If you’re in a public place, don’t expect your phone calls and texts to stay private. The FBI has taken the position that court warrants are not needed when deploying cell-phone interceptors in public places.
‘Two U.S. Senators attempting to investigate government use of cellphone interceptors, commonly referred to as “Stingrays,” have confirmed that no search warrants are obtained when FBI agents use the devices in public.
Senators Chuck Grassley (R-Iowa) and Patrick Leahy (D-Vermont) discovered the startling information last year during a private briefing in which agency officials laid out a list of warrant exemptions.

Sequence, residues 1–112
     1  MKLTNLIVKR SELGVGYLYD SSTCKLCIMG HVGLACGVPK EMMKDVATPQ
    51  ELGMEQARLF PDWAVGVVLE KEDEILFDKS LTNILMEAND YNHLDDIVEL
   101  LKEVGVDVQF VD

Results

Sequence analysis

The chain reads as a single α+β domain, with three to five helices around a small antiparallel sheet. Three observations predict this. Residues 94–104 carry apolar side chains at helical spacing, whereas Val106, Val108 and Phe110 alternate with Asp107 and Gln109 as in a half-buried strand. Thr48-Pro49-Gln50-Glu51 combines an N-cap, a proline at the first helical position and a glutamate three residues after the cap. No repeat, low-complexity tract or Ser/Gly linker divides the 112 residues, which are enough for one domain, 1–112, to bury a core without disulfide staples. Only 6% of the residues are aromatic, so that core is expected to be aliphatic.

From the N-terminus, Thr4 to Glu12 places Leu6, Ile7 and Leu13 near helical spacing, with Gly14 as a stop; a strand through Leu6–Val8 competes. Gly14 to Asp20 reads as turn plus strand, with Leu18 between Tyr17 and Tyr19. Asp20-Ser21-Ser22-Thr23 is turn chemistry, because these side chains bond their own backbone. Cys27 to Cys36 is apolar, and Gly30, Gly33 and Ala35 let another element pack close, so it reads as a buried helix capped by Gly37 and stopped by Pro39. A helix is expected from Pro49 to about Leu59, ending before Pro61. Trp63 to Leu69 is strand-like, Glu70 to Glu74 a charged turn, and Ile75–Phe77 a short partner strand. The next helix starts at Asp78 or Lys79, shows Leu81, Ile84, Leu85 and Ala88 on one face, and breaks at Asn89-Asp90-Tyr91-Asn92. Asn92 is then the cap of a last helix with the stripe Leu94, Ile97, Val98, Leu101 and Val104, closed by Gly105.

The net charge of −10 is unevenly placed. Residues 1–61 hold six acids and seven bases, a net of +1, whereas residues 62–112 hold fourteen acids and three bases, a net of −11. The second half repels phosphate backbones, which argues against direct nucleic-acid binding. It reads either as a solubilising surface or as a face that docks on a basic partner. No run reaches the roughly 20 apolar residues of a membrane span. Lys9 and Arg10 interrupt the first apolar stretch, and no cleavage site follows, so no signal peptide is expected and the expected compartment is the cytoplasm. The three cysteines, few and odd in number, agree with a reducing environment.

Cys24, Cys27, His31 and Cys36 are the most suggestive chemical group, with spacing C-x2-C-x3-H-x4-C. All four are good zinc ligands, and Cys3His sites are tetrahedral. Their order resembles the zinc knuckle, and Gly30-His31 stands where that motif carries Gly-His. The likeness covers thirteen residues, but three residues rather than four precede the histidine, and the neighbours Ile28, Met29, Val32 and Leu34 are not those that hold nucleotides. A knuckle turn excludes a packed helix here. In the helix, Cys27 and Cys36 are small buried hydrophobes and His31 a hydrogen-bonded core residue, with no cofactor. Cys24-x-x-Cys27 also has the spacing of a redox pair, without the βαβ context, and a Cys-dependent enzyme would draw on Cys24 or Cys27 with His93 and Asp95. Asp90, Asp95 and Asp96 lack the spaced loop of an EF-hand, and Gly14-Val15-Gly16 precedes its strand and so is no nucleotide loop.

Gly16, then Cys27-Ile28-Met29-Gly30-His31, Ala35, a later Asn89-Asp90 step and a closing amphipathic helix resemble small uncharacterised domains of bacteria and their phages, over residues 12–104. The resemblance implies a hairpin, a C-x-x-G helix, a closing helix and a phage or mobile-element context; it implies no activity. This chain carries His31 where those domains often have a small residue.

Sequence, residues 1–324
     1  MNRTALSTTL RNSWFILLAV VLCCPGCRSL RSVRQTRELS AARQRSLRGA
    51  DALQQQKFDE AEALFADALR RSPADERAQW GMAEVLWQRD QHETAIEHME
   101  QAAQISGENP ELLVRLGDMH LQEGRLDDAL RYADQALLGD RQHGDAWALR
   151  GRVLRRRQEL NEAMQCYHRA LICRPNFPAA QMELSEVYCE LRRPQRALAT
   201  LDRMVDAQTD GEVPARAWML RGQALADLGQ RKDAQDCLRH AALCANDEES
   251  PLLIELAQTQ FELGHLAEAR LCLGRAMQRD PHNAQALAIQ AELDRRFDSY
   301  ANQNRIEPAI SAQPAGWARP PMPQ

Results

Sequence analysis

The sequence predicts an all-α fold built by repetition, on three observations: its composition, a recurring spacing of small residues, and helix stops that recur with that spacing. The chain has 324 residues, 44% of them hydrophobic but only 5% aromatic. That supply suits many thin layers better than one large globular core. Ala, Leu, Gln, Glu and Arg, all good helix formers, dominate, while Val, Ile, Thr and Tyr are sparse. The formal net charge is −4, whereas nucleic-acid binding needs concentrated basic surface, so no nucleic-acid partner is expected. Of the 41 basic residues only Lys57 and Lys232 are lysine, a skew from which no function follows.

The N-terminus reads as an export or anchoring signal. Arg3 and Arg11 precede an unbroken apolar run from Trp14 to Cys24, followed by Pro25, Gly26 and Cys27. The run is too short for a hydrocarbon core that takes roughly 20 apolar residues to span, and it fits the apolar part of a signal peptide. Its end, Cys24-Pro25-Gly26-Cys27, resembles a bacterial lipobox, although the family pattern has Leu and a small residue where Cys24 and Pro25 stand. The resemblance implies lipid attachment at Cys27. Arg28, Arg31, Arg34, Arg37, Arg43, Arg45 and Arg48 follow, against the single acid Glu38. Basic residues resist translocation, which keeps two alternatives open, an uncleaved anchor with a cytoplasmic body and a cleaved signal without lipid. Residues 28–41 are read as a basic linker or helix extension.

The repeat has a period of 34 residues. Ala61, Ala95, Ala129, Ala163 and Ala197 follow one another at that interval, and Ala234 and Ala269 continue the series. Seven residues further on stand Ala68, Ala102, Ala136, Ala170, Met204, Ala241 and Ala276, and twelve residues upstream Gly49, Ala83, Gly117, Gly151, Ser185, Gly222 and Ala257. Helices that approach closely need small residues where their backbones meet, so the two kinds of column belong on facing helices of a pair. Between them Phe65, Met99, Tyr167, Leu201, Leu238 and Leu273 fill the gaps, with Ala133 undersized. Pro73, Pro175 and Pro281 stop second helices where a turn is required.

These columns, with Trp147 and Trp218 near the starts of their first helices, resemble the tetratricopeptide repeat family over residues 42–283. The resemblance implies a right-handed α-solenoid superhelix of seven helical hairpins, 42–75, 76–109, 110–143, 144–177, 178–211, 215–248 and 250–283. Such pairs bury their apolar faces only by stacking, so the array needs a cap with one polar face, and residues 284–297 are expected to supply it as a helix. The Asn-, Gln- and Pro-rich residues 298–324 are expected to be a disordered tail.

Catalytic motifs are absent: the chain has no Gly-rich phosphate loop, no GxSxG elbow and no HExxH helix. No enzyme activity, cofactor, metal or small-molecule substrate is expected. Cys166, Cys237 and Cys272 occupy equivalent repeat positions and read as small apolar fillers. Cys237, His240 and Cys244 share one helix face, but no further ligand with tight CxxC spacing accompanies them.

In a letter to Homeland Security Chief Jeh Johnson and Attorney General Eric Holder, both Senators expressed their concerns over the wildly broad exemptions and questioned whether seperate government agencies were following the same policy.’
Latest posts by Niamh Harris (see all)
- 8.2 Alaska Earthquake Sparks Tsunami Warning In Alaska & Hawaii - January 23, 2018
- God Wants Not Guilty Verdict In Child Sex Trafficking Trial Texas Judge Tells Jury - January 22, 2018
- British Army Chief Warns Of ‘Russian Threat’ - January 22, 2018